If you don’t follow Ottawa politics, this blog posting may not be of interest to you. However, it pertains to an event that has caught more than its fair share of public attention over the last 48 hours. Evan Solomon was, until this week, an Ottawa-based CBC TV news journalist who hosted a live daily show about Ottawa politics called Power and Politics, as well as a weekend radio called The House that reviewed the previous week’s biggest political stories. He is, by all accounts, the classic ‘mover and shaker’, always working to get the story, constantly networking to get access to politicians and power figures who aren’t always talkative, and trying to dig deeper into stories than the papers and national newscasts typically do. He has strong connections to political and business elites in Ottawa and Toronto, which are simultaneously a product of his work and a tool he uses to do his work. In other words, he has exactly the skill set necessary to be a leading political reporter.
He was this week fired by CBC after a Toronto newspaper reported that he was working on the side as an art broker, earning commissions by introducing some of his contacts to a friend who is a Toronto-based fine art seller. The people he referred to the broker included Blackberry co-founder Jim Balsillie and Bank of England Governor (and former Bank of Canada Governor) Mark Carney. Solomon at first denied any involvement in the art markets – a mistake – but has since disclosed publicly what he was doing, and apologized.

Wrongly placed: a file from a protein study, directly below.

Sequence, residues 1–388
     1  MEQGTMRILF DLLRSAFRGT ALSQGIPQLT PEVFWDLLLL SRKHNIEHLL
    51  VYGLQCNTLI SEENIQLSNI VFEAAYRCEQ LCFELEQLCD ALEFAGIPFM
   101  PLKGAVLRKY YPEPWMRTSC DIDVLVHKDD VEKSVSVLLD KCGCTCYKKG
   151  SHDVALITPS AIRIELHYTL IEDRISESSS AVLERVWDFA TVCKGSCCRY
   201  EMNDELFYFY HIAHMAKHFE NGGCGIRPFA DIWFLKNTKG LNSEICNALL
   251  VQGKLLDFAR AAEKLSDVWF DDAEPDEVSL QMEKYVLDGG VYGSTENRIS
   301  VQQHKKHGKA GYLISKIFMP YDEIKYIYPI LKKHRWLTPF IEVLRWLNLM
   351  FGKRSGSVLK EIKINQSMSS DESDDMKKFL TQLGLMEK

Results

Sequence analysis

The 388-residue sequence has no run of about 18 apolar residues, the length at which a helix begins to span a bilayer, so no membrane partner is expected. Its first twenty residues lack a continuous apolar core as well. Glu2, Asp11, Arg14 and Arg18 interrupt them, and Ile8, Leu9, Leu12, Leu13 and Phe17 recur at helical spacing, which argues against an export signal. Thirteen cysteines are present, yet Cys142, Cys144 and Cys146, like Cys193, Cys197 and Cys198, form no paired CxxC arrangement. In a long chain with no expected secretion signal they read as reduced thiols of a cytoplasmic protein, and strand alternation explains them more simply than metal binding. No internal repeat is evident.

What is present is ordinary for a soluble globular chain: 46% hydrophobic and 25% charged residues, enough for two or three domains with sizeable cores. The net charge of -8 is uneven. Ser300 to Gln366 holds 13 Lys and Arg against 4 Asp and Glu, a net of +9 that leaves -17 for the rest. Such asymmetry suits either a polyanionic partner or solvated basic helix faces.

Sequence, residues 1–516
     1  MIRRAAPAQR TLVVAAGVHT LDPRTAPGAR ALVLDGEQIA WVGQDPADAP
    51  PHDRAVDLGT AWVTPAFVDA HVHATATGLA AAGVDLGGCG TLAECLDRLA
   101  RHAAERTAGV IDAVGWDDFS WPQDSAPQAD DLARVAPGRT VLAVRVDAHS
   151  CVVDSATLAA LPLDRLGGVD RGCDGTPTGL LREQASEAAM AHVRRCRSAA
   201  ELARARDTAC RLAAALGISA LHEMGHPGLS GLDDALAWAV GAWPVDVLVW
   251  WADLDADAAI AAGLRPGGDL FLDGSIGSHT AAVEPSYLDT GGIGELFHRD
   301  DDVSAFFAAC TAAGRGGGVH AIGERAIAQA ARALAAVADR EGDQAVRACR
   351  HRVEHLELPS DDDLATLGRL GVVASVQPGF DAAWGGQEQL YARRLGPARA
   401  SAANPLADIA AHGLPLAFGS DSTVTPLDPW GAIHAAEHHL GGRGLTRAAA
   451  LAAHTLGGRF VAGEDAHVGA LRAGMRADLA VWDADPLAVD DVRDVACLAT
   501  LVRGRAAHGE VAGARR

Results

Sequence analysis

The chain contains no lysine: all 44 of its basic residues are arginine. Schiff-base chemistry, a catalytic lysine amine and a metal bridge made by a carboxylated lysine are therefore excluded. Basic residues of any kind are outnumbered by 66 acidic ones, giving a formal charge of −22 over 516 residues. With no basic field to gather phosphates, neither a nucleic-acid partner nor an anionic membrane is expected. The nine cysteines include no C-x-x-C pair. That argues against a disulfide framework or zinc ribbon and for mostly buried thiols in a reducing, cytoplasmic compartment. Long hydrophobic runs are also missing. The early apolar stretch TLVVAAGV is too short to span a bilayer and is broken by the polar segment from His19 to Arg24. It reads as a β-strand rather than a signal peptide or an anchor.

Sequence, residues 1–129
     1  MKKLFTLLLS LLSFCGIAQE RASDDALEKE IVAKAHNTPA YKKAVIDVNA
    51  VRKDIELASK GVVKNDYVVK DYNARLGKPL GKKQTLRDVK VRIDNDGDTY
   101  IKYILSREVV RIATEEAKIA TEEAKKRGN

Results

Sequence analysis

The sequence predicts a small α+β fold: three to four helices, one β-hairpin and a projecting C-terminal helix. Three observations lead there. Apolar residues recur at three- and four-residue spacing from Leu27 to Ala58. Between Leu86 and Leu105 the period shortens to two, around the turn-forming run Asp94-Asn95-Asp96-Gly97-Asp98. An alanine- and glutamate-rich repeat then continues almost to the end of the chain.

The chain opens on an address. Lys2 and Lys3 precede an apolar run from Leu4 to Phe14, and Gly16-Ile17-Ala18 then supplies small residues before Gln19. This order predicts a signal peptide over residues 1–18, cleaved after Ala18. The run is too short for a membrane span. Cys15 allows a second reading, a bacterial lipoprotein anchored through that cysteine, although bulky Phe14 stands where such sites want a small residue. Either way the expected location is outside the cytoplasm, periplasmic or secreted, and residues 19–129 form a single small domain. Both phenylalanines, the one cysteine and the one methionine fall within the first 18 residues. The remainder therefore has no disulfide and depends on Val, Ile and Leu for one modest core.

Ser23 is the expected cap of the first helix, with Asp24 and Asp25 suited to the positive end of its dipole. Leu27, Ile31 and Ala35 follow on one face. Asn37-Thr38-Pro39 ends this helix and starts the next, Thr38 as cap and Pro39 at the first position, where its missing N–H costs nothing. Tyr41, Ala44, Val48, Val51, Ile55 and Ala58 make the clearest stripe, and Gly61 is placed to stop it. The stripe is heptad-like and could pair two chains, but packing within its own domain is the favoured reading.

It is evident that Evan Solomon’s employment contract with the CBC included terms regarding his using his journalistic work for private gain, and if his moonlighting as an art dealer violated those contractual terms, he was wrong, and there should be repercussions. However, the CBC has said that he disclosed his art dealings to them over a year ago, and that the CBC had no concerns at the time. It appears that the rush to fire Solomon this week may have been the result of sensational rhetoric in the news reports about Solomon receiving “secret commissions”. On talk radio today – including the CBC’s own Ontario Today show – media experts are pontificating on the moral and ethical faults in Solomon’s actions. There is nothing the public likes better than a feeding frenzy that takes down a public figure.
I have a number of concerns here, but let me start with a full disclosure. Most Canadians who know of him as a TV personality; I know him as a former neighbour. Not so well that I’ve been invited to his house for a barbecue or grabbed a meal with him – but I know him. I used to live and work in Ottawa for many years, and we lived close enough that our kids attended the same public school (Mark Carney’s kids also did, for what that’s worth). I would often see Evan and his family at the school, and on spring weekends at the soccer field where he helped coached the kids. When we bumped into one another, he and I would chat about nature and the environment (like any good journalist, he knew what I did for a living). Once, when there was a serious illness in my family, his wife was one of the first to show up on our doorstep with a casserole. In short, I have a lot of time for Evan Solomon.